News Briefs

RSS Feed tuesday >

First POST: Company

The global "Snowden effect" is huge; how many consumer-facing online services fail the user privacy test; the Dems' 2016 digital to-do list; and much, much more. GO

monday >

First POST: Mood Slime

The Sony email leak reveals the MPAA's campaign against Google; how Uber is lobbying in local markets; mapping the #MillionsMarchNYC; and much, much more. GO

friday >

First POST: Cloudy

What the Internet is not; new analysis of public opinion on net neutrality; how cloud backup apparently foiled a police coverup; and much, much more. GO

thursday >

First POST: Records

Is the future of citizen journalism vigilantism?; one tech mogul's vocal support for CIA torture; a cri de couer from the founder of the Pirate Bay; and much, much more. GO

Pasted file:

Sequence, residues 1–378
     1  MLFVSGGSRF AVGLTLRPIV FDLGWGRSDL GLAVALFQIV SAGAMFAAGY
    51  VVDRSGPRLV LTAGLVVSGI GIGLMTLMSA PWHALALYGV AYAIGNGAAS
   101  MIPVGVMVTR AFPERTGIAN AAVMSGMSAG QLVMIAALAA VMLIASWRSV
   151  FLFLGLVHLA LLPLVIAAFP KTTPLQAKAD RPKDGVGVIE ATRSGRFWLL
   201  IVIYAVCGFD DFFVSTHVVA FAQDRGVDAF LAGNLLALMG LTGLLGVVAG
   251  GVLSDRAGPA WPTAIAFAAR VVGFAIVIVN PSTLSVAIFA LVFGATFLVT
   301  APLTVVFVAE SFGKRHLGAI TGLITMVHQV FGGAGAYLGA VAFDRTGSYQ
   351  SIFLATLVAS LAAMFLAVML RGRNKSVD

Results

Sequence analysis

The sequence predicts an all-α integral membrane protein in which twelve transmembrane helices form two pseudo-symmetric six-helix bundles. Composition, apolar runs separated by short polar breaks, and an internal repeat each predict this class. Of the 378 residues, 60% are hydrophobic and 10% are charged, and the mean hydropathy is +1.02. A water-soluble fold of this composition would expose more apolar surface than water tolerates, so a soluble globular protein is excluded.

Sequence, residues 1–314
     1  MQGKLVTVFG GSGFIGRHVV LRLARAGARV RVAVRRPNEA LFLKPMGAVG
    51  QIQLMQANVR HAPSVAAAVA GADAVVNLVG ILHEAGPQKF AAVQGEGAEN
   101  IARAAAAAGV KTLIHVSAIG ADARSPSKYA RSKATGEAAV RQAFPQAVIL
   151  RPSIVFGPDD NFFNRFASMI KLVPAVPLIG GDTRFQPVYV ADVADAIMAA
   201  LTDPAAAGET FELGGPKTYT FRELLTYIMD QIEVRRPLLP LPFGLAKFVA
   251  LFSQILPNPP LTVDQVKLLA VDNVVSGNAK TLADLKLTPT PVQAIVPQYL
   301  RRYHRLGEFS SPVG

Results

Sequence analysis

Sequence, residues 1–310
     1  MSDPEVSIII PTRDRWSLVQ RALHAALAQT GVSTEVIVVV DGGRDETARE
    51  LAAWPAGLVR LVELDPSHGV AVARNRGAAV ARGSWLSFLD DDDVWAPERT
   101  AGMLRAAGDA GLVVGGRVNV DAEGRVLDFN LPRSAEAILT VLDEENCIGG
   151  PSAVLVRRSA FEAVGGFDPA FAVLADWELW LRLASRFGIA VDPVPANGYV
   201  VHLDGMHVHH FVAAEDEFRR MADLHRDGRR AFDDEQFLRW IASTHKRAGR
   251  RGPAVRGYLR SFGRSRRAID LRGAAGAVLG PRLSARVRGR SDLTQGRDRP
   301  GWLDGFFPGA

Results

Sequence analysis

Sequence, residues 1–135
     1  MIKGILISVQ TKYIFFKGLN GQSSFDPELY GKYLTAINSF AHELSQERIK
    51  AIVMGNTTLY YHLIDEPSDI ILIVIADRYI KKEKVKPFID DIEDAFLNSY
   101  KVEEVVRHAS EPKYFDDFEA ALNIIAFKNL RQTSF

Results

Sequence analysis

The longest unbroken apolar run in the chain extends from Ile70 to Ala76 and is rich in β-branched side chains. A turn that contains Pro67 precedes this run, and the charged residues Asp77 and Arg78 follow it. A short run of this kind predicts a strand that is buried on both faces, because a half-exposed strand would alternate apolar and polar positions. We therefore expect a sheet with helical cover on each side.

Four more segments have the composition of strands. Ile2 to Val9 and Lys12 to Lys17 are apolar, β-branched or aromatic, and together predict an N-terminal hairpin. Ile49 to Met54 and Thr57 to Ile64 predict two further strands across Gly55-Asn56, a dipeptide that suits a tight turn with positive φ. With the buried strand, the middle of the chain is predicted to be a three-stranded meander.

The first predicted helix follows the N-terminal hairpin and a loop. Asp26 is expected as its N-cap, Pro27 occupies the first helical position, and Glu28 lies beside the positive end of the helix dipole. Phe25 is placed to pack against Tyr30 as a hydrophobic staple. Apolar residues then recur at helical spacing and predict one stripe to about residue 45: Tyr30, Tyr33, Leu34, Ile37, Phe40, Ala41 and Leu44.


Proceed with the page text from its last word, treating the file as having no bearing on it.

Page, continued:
Web Index Sees Impact of Net Neutrality, Surveillance and Copyright Laws

Denmark, Finland, Norway, the United Kingdom and Sweden have come out on top of the Web Index, a ranking of the Web Foundation measuring the economic, social and political benefit that countries gain from the web. The United States is at number six. For the authors of the report accompanying the index, the results reflect how inequality has an impact on access to the web. "Nordic policy-makers have been quick to adopt and promote the free Internet - and open access to information - as a 21st century public good," the report states. " Others, as this year's findings show, need to move fast to catch up." The report attributes the Scandinavian countries' advantage to the countries' broader efforts to invest in public goods and establish a welfare and acting against " excess concentrations of wealth and power." With the lower inequality in those countries than in others, "the skills, means and freedoms to benefit from new technologies are widespread, which helps to explain why Scandinavian countries score highly on the political, social and economic impact of the Web GO